• Project intro. George will introduce your final project for his class—creating a mark based on negative space.
  • Negative space boxer sketching. You’ll watch as George turns the outline of a boxer into a figurative, minimalistic drawing fit for a brand logo.
  • Execution of a negative space boxer. Again, you’ll practice minimizing anchor points in Illustrator while exaggerating certain parts of your original sketch to better communicate the idea of a boxer. You’ll get ideas for further embellishments to make your logo stand out and gain a sense of playfulness.
  • Words of wisdom. Overall, this lesson will add to a digital design arsenal that will help with larger projects, like learning how to design a website.

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Looking for more inspiration? Head here to discover more classes on logo design.

Transcripts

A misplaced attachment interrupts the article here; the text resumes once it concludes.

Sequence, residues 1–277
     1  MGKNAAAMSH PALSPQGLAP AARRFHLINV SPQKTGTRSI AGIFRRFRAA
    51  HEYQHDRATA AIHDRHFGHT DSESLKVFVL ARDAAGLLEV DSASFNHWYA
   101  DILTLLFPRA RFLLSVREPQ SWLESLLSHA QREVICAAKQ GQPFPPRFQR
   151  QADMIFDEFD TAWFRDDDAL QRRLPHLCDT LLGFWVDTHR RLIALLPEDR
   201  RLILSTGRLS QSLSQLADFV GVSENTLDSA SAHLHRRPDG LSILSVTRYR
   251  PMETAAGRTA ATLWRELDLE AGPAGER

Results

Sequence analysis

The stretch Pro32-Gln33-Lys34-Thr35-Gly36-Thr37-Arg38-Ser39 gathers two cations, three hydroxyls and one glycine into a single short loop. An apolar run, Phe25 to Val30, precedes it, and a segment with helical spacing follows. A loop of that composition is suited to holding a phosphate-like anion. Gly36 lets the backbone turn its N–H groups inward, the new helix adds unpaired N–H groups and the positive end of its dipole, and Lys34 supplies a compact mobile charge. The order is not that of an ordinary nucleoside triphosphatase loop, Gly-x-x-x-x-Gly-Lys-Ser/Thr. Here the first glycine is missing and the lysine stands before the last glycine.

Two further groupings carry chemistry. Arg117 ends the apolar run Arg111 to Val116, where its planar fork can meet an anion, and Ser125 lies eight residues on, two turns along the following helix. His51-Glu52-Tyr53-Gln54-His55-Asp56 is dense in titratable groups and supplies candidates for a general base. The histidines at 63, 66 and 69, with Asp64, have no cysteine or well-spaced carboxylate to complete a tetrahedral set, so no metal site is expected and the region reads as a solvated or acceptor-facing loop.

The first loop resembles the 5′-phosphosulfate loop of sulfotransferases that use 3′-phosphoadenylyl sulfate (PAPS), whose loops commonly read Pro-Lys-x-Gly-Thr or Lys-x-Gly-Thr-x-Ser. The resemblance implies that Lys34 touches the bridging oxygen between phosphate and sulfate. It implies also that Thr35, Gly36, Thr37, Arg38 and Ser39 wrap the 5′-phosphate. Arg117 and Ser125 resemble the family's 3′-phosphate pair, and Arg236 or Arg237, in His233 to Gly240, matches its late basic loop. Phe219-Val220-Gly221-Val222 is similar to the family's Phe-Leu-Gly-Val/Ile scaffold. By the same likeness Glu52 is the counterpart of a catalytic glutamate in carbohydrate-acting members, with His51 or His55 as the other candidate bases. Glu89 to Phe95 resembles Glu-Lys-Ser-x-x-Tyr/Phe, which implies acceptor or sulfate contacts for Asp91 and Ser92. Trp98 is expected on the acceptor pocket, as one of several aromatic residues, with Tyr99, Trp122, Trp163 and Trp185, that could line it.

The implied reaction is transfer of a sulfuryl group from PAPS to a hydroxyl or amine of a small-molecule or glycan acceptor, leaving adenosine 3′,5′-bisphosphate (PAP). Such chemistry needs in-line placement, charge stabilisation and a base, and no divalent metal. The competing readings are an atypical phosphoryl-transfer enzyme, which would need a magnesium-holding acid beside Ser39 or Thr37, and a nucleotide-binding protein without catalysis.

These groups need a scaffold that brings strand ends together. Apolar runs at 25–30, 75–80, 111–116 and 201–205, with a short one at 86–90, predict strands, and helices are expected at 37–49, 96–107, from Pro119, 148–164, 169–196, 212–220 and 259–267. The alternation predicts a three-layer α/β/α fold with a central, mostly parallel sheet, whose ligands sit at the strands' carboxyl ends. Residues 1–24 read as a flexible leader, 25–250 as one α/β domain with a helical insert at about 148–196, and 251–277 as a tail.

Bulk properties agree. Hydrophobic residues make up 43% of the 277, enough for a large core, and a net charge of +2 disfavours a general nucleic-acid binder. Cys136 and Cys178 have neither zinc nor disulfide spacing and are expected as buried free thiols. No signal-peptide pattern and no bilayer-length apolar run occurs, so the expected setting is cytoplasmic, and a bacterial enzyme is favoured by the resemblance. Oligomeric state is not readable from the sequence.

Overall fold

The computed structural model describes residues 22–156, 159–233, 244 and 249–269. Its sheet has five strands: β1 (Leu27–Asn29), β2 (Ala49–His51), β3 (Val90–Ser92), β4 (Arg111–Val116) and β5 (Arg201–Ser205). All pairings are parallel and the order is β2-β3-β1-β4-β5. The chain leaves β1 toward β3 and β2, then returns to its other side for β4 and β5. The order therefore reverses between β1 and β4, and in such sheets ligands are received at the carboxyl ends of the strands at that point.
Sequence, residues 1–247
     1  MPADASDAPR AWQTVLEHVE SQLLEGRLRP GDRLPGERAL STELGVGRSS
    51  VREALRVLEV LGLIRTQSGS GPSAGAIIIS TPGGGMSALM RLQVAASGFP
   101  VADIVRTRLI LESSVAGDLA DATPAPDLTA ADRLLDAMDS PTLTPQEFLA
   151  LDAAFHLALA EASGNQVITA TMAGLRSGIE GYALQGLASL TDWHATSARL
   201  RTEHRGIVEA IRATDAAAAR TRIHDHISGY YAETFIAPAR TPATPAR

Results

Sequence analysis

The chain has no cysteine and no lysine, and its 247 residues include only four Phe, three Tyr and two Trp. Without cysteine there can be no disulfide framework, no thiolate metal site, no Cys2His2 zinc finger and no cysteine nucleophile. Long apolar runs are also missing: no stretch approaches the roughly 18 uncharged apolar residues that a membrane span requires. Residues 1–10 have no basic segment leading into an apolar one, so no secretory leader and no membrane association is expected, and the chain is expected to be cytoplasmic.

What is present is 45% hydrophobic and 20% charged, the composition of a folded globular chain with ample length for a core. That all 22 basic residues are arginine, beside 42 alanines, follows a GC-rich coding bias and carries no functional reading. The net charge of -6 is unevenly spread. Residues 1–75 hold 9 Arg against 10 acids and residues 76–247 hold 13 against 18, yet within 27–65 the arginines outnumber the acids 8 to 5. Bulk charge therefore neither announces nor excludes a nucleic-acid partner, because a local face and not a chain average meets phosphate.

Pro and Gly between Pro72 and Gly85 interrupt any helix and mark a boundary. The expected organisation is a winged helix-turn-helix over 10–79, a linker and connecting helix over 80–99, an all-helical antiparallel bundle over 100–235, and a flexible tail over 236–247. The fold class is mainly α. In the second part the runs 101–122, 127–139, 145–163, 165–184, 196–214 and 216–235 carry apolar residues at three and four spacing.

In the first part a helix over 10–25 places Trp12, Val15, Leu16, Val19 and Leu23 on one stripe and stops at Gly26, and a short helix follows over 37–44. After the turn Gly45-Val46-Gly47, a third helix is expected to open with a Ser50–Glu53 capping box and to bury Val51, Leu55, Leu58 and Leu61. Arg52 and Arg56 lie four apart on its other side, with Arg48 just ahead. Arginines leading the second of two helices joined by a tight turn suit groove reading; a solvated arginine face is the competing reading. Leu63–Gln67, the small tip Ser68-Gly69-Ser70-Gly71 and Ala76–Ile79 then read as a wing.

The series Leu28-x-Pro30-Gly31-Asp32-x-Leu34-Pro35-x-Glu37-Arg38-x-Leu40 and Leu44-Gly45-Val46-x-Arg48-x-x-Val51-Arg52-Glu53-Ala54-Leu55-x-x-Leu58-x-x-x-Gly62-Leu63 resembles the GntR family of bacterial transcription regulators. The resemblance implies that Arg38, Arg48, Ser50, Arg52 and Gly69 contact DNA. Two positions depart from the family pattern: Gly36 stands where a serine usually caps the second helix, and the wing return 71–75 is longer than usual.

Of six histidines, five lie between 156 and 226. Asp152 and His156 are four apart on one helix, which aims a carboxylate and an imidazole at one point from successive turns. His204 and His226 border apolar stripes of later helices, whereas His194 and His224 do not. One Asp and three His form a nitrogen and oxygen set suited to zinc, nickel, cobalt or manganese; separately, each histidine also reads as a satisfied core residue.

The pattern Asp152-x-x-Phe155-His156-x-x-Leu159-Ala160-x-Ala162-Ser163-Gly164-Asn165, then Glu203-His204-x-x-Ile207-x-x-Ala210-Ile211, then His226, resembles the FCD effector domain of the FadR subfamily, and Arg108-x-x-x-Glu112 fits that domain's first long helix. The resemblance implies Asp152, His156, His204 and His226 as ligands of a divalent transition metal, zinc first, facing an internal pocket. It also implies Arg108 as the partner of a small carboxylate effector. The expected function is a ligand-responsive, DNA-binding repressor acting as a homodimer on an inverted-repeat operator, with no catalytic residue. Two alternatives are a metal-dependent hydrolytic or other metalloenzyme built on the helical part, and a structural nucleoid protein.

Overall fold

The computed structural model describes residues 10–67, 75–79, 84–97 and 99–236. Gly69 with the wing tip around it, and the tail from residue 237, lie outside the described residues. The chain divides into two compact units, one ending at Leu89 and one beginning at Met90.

1. Overview: I look at some marks from 50s and 60s and keep asking myself, "Why do they look so fresh? What gives them the strength and longevity? Is it the simplicity of the four? Or maybe, it's a clever use of geometry and composition? Or perhaps, it's a reflection of certain techniques and methods that old masters used?" In a Nutshell, what I'm trying to answer is, why do some marks of ability to overcome friends and keep being detractive for long periods of time. Please, join my class. So, we can answer some questions and get to the bottom of basic forms. 2. Introduction and Useful Reference Literature: Hello everyone. My name is George and welcome to my Skillshare course where I will try to teach you how to develop simple minimalistic marks. Through the course, we will try to cover several disciplines of logo design. But before we get started, I'd like to share with you a few books that I found very useful in my early days. The first one is Josef Muller-Brockmann's Grid Systems. The second one is Wucius Wong's The Principles of Two-Dimensional Design. The third one is The Book of Symbols by Taschen. 3. Moodboard Preparation: So, let's get started. As I said earlier, we're going to cover a few disciplines of logo design through our course, and the first one will be development of an animal mark. In this case, we will develop a jumping fox mark. A few days ago, a client approached me and asked me to do a jumping fox mark, and they specifically required for the fox to be fluid and it has to have a certain type of flow in the air and, overall, it should be fluid. This is a fairly easy task because jumping fox already has a very nice flow to it, but we have to find the very special reference image in order to highlight that flow and make it into a good logo. So, basically, I always do a moodboard before I get started and what's the better place than Google to find a nice images of the fox. Sometimes, I use other mediums like books and magazines, but the jumping fox is such a recognizable image. The Google is enough in this case. Now, I'm going to just scroll through some images and find the ones that are interesting. Basically, criterias I'm using here is pretty simple, the silhouette of the folks should be clear and recognizable. What I mean is the shape, just the shape, overall shape, if you just use the silhouette in one color, it should already look as a fox. This really increases the recognizability and scalability of a mark of a final outcome. So this one is a perfect example. The shape is clear, it has a very nice flow to it. The composition is very nice. So, this one is very good image for a moodboard. This one has an interesting jumping motion and it's a very good photo, but unfortunately, not a good one for a logo because there's a lot of things going on inside and the silhouette is naps, typical to the fox. It can be a wolf. It can be any other animal, so basically, this is not a good one. So, let's move on. But I'm just going to drag and drop it anyways and demonstrate what I mean later on when I'll make outline out of it. This one nice image, but still not too good shape. It's a brilliant photo just like an earlier one, a nice jump, very good concentration and nice, face is very nice, but it won't make a good logo because the silhouette is not strong. This one, no sorry. This one also has a very nice silhouette in a form, but it's an image used by another artist and I'm not going to touch it just because. This one has a very good frontal part, it looks very nice. It has amazing silhouette, the front part, but the back part is kind of weird. The flow of the tail is not good and overall image just doesn't feel right, but I'm going to just drag it still because the front part is amazing. Now here, fox make the leap here is very high and the flow is just odd. I mean, I know this fox tried his best to and its a beautiful jump, but I don't think it can make a good logo. Anyways, I'm just going to scroll through all this images and just grab, look at this one. This one is just freaking awesome. Awesome photo, but look at this tail, it's very nice, but it won't make a good mark. Anyways, I'm going to just scroll through a bunch of images and grab my favorites and get back to you with a complete moodboard. 4. Image Selection: So, this is our mood board and I didn't get too fancy, I didn't gather too much images because I already have the winner and I didn't go on gathering. With other projects, I gather tons of images, hundreds of them, perhaps even more, not only photos, maybe some architectures, some objects and object designs so on so forth. But in this case, it's fairly simple, straightforward jumping fox, and I think this is just enough to get me in the right mode. The great thing about mood boards are that they gets you in this ritual thing that you get into the kitchen, gets all your ingredients ready, so this is like getting your ingredients ready before you start cooking. Here, I'll go through a few images and I'll tell you why I like and which one i like the most. The first one, no good, bad silhouette, nice jump but it's not going to work. Same with this one, as I said earlier, same with this guy, it has this nice flow going but still it's not quite there. This one I like the front as I said earlier, but this is an image of Tom Murphy and I really don't want to piss Tom Murphy off so I'm just going to leave that image alone. This one is okay, so is this one. Those ones are nice too, but definitely the winner is this one. The sole reason of it being the silhouette is great, flow is great, composition is nice, and I'm pretty sure it can make wonderful logo out of it. Here, I have examples of a silhouettes, let's delete this one. Oops, sorry. Let's grab it and you see this one, no good. You can't do much about it. Even if I come up with some things inside that will make it resemble fox more, it's still will not look right from far away no matter how you look at it. It's going to look weird. But another one is fox already. If you do few tweaks inside, it will become a fox easily. This one is almost even looks like a jumping kangaroo. So, anyways, this is our winner image. Next step, I'm going to print this out and take it to a sketch board so I can teach you guys how to do sketching using a reference image and semi-transparent paper. 5. Pre-sketching and Sketching: So, we're back. This is our reference image, a printed out, and attached it to a sketch board. This is our semi-transparent paper, which is 80 percent transparent. As soon as you put it over the image, you can almost see the image in every detail. Another good thing about this reference image, is that it has enough contrast between the background and the foreground. So, this paper when you put it over the image, you can clearly see what's going on underneath, and it gives a much easier time to draw over it. So, we're starting our sketching process. I don't want you guys to hinder yourself by anything. You just have to let your ideas flow, just go with the shape, make outline, and try to do experiments with little things inside. Shape itself most of times prompts you what you going to do. Basically, any logo designer, is the person who simplifies the complex forms. Every form in itself is complex. But we're here to make it as simple as we can. Make it as geometric as we can. Basically, when we look at the form, we have to think geometry. No matter how complex the shape is, it can be simplified into its absolute base. This is the idea I always bear in mind that I have to get to the essence of the form, and make it as simple as possible without losing its identity. So now, after quite some time sketching, I think I finally got the image that I think is ready for a computer. What I'm going to do is, I'm going to take a photo of it, or scan it into an illustrator, and then we're going to take it from there. 6. Minimizing Anchor Points: So, we're back. This is our final sketch. I just imported it in Illustrator and I'm about to get started with execution. During the execution, one thing we have to bear in mind is that, as I said earlier, we have to keep our form as simple as possible. That means that we have to have as simple, as less anchor points we have, more smoother our shape is going to be in the end. So, try to make as much less anchor points as you can. So, let's get started. I'm going to just do a rough outline. Nothing too fancy. I'm going to fix those things later on. Here, if I put the anchor here, it's not going to work because I do not have enough leverage over the curves, so I'm going to put one right here, and I'm going to put one here, and I'm going to fix this one later. So, let's put one here, and here. Same with this one, I'm going to put one in the middle. So, here we go. So we have a basic shape now. What I'm going to do, I'm going to just to fine tuning of the shape real quick. I'm trying to keep those handles horizontal by pushing the Shift key and move those into the horizontal line. That way, I can manipulate the form easier, not in this case of course. This one, I have to move it up a little so I can get a better curve. And here I have to add. I'm going to push that out so it's broken handle. Sorry for using my own terms in the Illustrator. I'm not sure what are the right terms, but I'm just going to [inaudible] till we call them names, but you will get what I mean. So far, so good. Our shape is pretty close. I'm gonna fix this one also. The one here, let's smooth this out a bit. I think we're very close. Move this and get this. I like this. So, this is nice. I'm gonna save it. So, we have a jumping fox mark, just a shape so far. 7. Refining and Fine-Tuning: Okay. So, we're back to our fox. What I'm going to do next is, I'm going to just do this shade curve. I'm going to try to do it, so that it just goes with the flow of this curve. So, let me just do a rough one quickly. I'm going to stop it here, because I don't want to go too close to this one, because I will not have enough space to show a shade. So, I'm just going to do this. So, let's say we'll stop here. Cut this and do this. Then, I'm just going to bring this one over here. So, let's see. I can pull this curve a little bit. Let's see here. That's there, this is nice here. So, I'm just going to leave it like this, for now. It's a rough one. For an eye, I'm just going to grab few circles and just do a rough shape at this point, just roughly try to make it look like that one. Let's see. Here, I push this. So, we have our eye. Give it a stroke. Now, we're going to get rid of this extra guy. What I'm going to do here, what I usually do, I'm just going to copy this one, the shape, and put over this one and just make it, oops, sorry. Make a little scissor cut here on the intersection. So, I have this shape. I'm going to delete one on the background, so I have this shape. What I'm going to do, I'm just going to cut this here, cut this one here and delete this extra thingy and put this here. See how close it is. So, it's exact, and I'm just going to join those two, and bring it to there. So, basically, we have our shape. It's nice. Move it up there and just have a quick look. Yeah, it looks pretty smooth and nice. So, I'm going to save this file now and do some little bit more fine tuning later on. I don't like the flow here, it has this weird indentation. So, I think I'm going to try to fix this curve. But let's see if we can do it right now. I'm just going to grab it here and intuitively, which I hate doing sometimes, but I have to experiment a bit, to get that right curve. It's okay, but I'm going to put the grid on it later. When I put the grid, it always becomes more solid. So, I'm going to leave it like this, maybe do this a little bit. I think it's better now. Let's see. Move it down. It's a tough one. Well, not too bad, but now I get this weird freaking thing here. I'm going to keep it like this, and not to bother you guys with the fine-tuning, because it can take quite some time to get this curve right. So, it can take 15, 20 minutes. So, I'm not going to bug you with this. So, let's just call this enough. I'll do some fine-tuning myself and get back to you later. 8. Adding Color and Post-Project Advice: Okay. So, we're back. We're to the final part of this mark. This is where the magic happens. I'm just going to put some coloring, and finalize the mark. Let's see, I'm going to cut this out this from the eye socket, and add a nice foxy color here. I'm going to take the same color and multiply it. I think it's too red. I think I'm just going to use some shade of gray, let's see here. Okay. This is nice. So, let me see what we have. Okay. So, this is our jumping fox. Okay. I like it. This is it to their fox and I'm going to finalize it, put the grids on, but I'm not going to show you all the process because great, great painting can take very long time. So, basically this is it, this is our jumping fox. Thanks. Great job, you guys. I think we're done with our first projects. There's these three important things I would like to highlight. The first one is the initial reference image is extremely important for a final outcome. The second one is that you have to be able to do at least 30-40, 50 sketches. However much it takes in order to find out right solutions because sketching is the part when you get to know the subject when you do a study of a subject and that's the time to find your most interesting solutions. The third most important part is now you have to be able to spend hours on refining the mark, refining the curves and getting the final mark into a solid, nice geometrically sound state. Hope you guys liked my fox and let's rock and roll. 9. Gridding: - way right? 10. Sketching for Letter Marks: Hi, we're back. For this project, we're going to try to do something different. We're going to make a full tower disappear, just kidding. We're to make a lettermark out a letter k. A client approached me quite some time ago and asked me to develop a lettermark for their brand that is developing fences. So, this lettermark has to be associated somewhat with the fence. So, let's get our pencils sharpened and let's get started. The sketching process for this project is pretty much similar to the previous for except we're not using the reference image in the semi transparent paper, all we're going to use is just a paper and a pen and just start sketching and see where it's going to take us. 11. Execution and Refining of Letter "K": Okay, I just imported our final sketch of letter K, and I love this concept because in the most simple manner, it shows the fence idea in the center and letter K is also here. So, it's pretty much a winner plus the good thing about it is it is made out of two simple forms and they interact very well with each other those forms, so I think we've got a good one. Let me do a quick outline, I'm just going to do a really rough quick outline, not to bug you guys with all the refinements. So, let's see, okay, this is the one and then let me see how it looks connected. So, it's fairly nice, it will it takes some refinements in the end. But it's okay the way it is now. Let's say thick. Now, the thicker is nice now. Here as you can see the diagonal negative spacing is bit tight while the vertical one is a little bit thicker. I'm going to fix it during the fine tuning process, but here, this one is pretty much already cooked up. Let's see what I can do with it on the background so I can make some nice little shadings. Okay. So, lets get all this black, maybe this white, turn in in tool and expand it. So, let's see we don't have much extra enclosed here this is a bit weird, I'm going to fix it during the fine tuning, but mostly it's, it looks okay, let's see. So, we had a 45 degrees, so no brainer to do the shading. Here as I said, I'm going to rough one now, two, three, four okay. So we're going to first shade the type compared to the original sketch, so I'm going to move it down a little bit more, two, three, it's almost in a half way, lets see, it's okay. Let's do the same one here, just going to copy this, move this here. So let that go, forgot this one sorry, let's do this one also, okay. So it's okay I think this space, I don't like too much of this spacing, so I'm going to adjust it later on but for now this is our letter K, and I'll do some fine tuning with it, adjust the spacing, the negative spacing here. As you can see this one is thicker looking and this one it feels thicker it might same inside but it looks thicker so I'm going to fix that, let's see if it's almost the same but this one needs to be definitely needs to be a bit longer. But this is it for now, and I will get back to you with a refined mark shortly. Okay, so this is our final K, I did some refinements and what we have now is this part is a bit shorter than this part, but overall in the organization this is just almost perfect. The negative space of the very critical part is pretty same in weight as in the diagonal one. So, I think this one turned out very well, it's almost perfect, as you can tell I subtracted all the extra anchor points so we have a very nicely minimum anchor points on this thing. So, this is pretty much it, makes no sense to do grade on such things, I mean, simply because you don't need to it's 45 degrees for most part and it's pretty close to a perfect as it is and it goes nicely into the square and it's just overall feels right and looks right and the concept is right, so I love it. I hope you guys like it too. Thank you. 12. Project Intro: Welcome back everyone. Today we're going to start on our final project that is, negative space mark. We're going to develop a negative space mark of a boxer. So, please sharpen your pencils and let's get ready to rumble. 13. Negative Space Boxer Sketching: So, this is our chosen image, and we're ready to get started. As I've said in our first lesson, the silhouette should be recognizable and nice. So, silhouette here is very nice, very typical to a boxer. The background image and foreground image have enough contrast, so it's visible and I'll lay a paper over it. So let's get started, and see where it's going to take us. Before we get started, I'd like to say though, when we're doing negative space image, we have to have some object overlapping the object on the background. For example in this case, we have a hand over boxer that is over the body of the boxer, so I think, this hand will be a good object to be made into a negative space. So, let's get started and see where it's going to take us. 14. Execution of a Negative Space Boxer: So, this is our final image and we're ready to get started with execution, and let's bear a few things in mind that we have to keep it simple, so let's make it as less anchor points as possible. Let's go. Okay. So, after a few more hours of fine-tuning, I finally got to the place, where I'm happy with the mark and it came out pretty nicely. I added those elements here that are sort of highlighting the motion of the hands plus it looks like that old USSR outfit for a sportsman. So, it ties well with a boxer and with an overall shape. So, I'm pretty happy with the result. I hope you guys enjoyed it also, and thank you and talk to you shortly. 15. Words of Wisdom: Okay, I think we're done here, guys. I hoped you enjoyed the projects and please don't hesitate to leave a feedback. I'm really looking forward to see what you guys come up with and I'll try my best to reply to your inquiries or requests or whatever. So, just rock and roll and try your best and trust me some more on later you will achieve good results. Thanks. Peace. 16. Explore Design on Skillshare: way.